Plague of Cicadas!

The Army Rangers were famous for something called a “Ranger pause.”

When they entered the woods or jungle on a mission, rather than just blundering forward, they would sit for 15 minutes or as long as it took for everyone to get their “pause.” No talking, moving, or messing with gear was allowed until everyone had aligned themselves with the woods and knew all the ambient sounds. By doing so, they became a part of the environment, rather than just guests in it — giving them an advantage.

It does work, and I try to practice it every time that I go on a hike or hunting.

Last week, while on a hike at a nearby nature preserve, it didn’t take a pause to know that something was up. Something different.

For starters, I couldn’t even think above the noise of millions of cicadas scratching their legs together hoping to attract a mate. (If only it were that easy in the pub!) Their disgusting spent shells, about the size of peanuts, were littered on leaves everywhere — nasty, brown reminders that they are only here for a while, and its time to party.

After speaking to a park ranger, he said that this is the magic year of a 17-year-cycle that the buggers come up out of the ground in Biblical numbers and hang around for half of the summer. There are usually cicadas every year, but once in 17 years they invite their aunts, uncles, 2nd cousin’s roommates, and everyone in between to come raise hell in this part of the U.S. It’s hard to believe, but they spend that long under ground before some biological alarm clock goes off, making them pop to the surface in an eruption of creepy-crawlies.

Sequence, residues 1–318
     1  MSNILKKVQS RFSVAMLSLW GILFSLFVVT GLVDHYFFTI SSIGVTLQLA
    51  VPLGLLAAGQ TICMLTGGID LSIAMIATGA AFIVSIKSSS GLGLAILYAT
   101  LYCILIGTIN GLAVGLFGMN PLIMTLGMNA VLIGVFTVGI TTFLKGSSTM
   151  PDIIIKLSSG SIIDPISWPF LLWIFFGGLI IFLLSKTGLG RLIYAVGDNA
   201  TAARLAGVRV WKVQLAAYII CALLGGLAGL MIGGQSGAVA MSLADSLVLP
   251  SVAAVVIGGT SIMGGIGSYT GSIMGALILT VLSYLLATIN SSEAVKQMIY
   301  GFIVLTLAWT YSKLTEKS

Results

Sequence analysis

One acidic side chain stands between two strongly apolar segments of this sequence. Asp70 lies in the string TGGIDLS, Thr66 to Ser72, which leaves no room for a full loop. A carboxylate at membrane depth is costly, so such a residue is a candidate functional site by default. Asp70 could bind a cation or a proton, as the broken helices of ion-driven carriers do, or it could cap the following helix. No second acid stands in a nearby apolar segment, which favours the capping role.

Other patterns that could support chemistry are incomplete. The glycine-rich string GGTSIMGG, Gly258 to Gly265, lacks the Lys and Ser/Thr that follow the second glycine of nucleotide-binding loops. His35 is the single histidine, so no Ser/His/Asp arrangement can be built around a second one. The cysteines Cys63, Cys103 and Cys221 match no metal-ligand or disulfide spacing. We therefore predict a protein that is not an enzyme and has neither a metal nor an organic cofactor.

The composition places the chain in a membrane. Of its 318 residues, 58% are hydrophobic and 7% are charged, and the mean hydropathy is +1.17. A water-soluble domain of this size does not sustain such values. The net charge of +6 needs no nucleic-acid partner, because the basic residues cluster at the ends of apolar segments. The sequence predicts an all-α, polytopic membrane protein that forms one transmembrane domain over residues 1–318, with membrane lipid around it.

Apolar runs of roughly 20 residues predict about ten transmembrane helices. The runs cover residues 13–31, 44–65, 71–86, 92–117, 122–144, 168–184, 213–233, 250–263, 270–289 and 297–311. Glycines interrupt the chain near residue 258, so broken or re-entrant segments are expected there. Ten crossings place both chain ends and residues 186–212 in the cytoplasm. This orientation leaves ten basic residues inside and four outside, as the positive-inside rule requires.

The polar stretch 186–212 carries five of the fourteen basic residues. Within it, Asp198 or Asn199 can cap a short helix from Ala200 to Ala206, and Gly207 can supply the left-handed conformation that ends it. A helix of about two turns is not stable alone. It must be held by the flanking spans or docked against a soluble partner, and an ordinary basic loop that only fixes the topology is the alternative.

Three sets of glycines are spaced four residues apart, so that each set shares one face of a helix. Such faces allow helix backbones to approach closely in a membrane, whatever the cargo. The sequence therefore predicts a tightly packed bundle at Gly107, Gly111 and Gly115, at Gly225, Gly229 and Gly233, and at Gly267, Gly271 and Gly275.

A recent article in the news talked about how people were canceling outdoor weddings because of the noise and the tendency of these guys to show up unwanted in the punch and cake. Not everyone is so upset though — I watched as a red cardinal gorged itself on a tree-branch, then looked directly at me with two cicada legs sticking out of its beak.

Keep an eye out the next time you are enjoying the wilderness.

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One Response to “Plague of Cicadas!”

  1. Only those who have lived with cicadas will understand trully the over abundance of the little crawlers in the South. But even in Tennessee they are not as bad as I recall in Viet Nam – they sounded like chainsaws trying to chop down the jungle!

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